Sharp and intense endothermic peak at 157 °C accompanied by melting was noticed in the DSC scan of pure naproxen (Figure 3). The DSC scan of N1SM1 showed a melting endotherm at 156 °C with a decreased heat of melting. On the other hand, the heat of melting at 152 °C is barely noticeable in the endotherm of N1C2. Heat required for the melting of naproxen in the samples are N1C2 (-7.27 J/g), N1SM1 (-29.30 J/g), and Nap (-42.04 J/g). From DSC study showed similar endothermic nature to that of pure naproxen, which indicates no major interaction.27,28 Only physical interaction diminished the crystallinity of naproxen significantly as observed in the case of NCpm. In N1C2, naproxen is present in almost a molecularly dispersed state, whereas in N1SM1, it has undergone partial amorphization.


Scanning electron micrographs of naproxen crystals, NCpm, and freeze-dried powders are shown in Fig. 4. SEM study of the pure drug showed distinctive morphological features of geometric shape of naproxen crystals (Fig. 4, A). Naproxen crystal can also be clearly identified in the physical mixture of drug and calcium carbonate in 1:1 ratio (Figure 4, B). Nearly complete loss of crystallinity and a reduction in particle size was particularly observed in the freeze-dried sample of wet equilibrated mixture of drug and calcium carbonate (Figure 4, C). Co-lyophilized powder after aqueous state equilibration of naproxen with SMCC at 1:1 ratio is characterized by submicron crystals in clustered form as observed in Figure 4, D. Taken together, the results from SEM study have been well supported by FT-IR and DSC data discussed above.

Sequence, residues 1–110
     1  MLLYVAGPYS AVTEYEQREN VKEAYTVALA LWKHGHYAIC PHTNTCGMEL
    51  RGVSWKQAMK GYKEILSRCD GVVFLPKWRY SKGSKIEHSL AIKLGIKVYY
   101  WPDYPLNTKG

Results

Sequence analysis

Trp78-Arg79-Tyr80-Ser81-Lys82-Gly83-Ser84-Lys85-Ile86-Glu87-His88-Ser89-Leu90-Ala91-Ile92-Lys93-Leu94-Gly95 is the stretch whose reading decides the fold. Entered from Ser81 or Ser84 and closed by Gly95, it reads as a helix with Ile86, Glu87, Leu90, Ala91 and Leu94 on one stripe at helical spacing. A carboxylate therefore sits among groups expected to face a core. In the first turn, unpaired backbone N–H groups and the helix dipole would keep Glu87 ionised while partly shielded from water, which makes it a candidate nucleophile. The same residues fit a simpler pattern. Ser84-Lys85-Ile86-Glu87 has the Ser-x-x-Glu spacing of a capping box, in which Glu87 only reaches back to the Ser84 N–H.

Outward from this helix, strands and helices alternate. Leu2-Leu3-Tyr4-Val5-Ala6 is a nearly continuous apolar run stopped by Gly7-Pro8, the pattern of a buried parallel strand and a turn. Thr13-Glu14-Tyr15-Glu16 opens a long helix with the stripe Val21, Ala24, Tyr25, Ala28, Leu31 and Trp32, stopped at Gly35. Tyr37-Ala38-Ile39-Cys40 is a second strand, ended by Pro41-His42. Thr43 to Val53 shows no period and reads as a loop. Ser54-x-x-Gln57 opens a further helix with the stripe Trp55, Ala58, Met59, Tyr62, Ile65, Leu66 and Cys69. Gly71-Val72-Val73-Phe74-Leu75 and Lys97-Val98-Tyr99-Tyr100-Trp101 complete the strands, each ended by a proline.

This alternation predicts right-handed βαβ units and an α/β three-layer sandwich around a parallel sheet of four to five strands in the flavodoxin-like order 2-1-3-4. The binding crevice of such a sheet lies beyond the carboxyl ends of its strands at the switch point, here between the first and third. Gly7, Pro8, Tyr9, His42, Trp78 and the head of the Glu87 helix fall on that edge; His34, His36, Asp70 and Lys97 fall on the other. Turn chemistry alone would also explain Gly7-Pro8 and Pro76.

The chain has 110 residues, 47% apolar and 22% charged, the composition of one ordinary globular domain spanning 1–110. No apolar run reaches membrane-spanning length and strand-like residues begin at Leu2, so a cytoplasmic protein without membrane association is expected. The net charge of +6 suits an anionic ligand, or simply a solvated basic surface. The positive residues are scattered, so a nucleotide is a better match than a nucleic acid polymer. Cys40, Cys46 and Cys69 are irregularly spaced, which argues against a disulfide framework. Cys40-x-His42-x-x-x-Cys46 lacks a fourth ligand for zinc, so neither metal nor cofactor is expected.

The dissolution profiles of crystalline naproxen and freeze-dried powders have been evaluated over a period of 90 minutes (Figure 5). Because of its poor aqueous solubility, crystalline naproxen (Nap) exhibited a slow rate of dissolution even when the medium contained 0.1% SLS (i.e., 66.27% released at the end of the 90 min period). Drug dissolution was improved with the increase in the amount of calcium carbonate in the freeze-dried formulations. The freeze-dried powder, N1C2, exhibited the greatest percentage of dissolution (94.96%) while N1C0.5 and N1C1 showed 80.86 and 78.30% release, respectively. A small improvement in dissolution of naproxen was observed in N1SM1 (74.82%).